On the negatives of UBI, people argue that if free money is given, people will turn lazy and nobody would want to work. Secondly, another argument pops up that if every citizen is granted free money, then there might be inflation in the economy, i.e. value of our currency will go down significantly. How? Let me explain. If people have more money in their hand, then they would spend more on goods. This will result in an increase in demands. Increase in demand may lead to a scenario of need to increase production, but if the supply chain cannot fulfil the same, the prices of goods will increase. This is because the companies would tend to generate and reap more profits. So, the increase in price would lead to unaffordability resulting in inflation. Such the value of the basic income goes down. Obviously, this is an assumption on my part as inflation in itself is a complex topic. Thirdly, it is said that people’s free money might make people overdependent and no self-sustainability. Fourthly it is thought the poor will be at a disadvantage because the same amount of money can give a decent living to a poor, might be extra money which can be spent on luxuries for the middle class and useless amount for the wealthy class. And lastly, which is the most critical question lies, where will the money come from to pay its population. Even if the government can manage the same, there might be a situation of shortage or compromise on other uses of taxpayers money. For example, the government could use the funds for the development of improved roads and schools. Still, after the implementation of UBI, it would have to divert the money and disburse it for free.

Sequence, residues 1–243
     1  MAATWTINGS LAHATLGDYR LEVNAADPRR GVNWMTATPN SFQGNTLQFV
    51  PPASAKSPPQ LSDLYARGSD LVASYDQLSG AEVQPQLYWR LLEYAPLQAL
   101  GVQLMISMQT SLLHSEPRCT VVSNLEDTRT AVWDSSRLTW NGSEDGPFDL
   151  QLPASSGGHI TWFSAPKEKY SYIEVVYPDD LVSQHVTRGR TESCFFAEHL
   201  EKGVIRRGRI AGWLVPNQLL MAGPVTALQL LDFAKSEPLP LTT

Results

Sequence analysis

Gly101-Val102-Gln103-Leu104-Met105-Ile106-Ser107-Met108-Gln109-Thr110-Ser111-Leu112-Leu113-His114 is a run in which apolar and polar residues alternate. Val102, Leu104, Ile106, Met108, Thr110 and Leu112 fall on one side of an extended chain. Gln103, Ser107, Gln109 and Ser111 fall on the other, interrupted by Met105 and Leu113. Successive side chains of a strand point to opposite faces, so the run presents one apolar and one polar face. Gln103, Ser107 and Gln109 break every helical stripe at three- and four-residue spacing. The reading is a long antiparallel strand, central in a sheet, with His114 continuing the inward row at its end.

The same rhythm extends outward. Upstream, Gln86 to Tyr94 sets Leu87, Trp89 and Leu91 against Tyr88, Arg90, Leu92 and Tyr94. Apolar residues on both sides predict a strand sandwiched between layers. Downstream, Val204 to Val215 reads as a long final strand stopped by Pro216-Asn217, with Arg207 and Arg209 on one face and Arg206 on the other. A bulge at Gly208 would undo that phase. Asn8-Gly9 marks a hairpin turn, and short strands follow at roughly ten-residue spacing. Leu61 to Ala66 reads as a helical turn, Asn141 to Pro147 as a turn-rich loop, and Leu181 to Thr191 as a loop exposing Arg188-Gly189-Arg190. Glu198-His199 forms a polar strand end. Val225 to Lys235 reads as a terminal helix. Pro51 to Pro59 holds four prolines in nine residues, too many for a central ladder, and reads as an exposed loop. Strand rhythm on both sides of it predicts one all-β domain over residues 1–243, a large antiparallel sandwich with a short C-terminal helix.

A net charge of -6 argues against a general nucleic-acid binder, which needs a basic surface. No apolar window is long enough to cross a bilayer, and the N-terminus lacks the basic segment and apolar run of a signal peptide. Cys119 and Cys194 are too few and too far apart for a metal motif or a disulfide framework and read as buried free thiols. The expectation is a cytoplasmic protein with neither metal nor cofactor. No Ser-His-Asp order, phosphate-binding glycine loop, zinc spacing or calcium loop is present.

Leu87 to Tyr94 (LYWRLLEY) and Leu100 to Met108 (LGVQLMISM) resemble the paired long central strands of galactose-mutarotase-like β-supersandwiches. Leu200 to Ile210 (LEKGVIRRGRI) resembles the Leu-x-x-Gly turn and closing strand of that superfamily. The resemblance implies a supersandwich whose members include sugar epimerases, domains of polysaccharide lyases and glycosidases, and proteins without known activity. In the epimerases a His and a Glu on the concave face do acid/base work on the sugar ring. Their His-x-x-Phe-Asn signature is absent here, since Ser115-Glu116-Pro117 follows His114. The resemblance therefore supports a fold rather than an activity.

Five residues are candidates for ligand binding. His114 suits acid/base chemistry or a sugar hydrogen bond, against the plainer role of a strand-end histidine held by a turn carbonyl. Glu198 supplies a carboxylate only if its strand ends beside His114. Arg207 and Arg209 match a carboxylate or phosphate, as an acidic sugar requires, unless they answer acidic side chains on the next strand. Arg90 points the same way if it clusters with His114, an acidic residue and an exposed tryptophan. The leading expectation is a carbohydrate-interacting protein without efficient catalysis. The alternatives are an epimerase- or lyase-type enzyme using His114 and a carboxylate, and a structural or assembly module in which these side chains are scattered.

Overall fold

Having heard both the sides, which argument do you think is the most aligned to your understanding?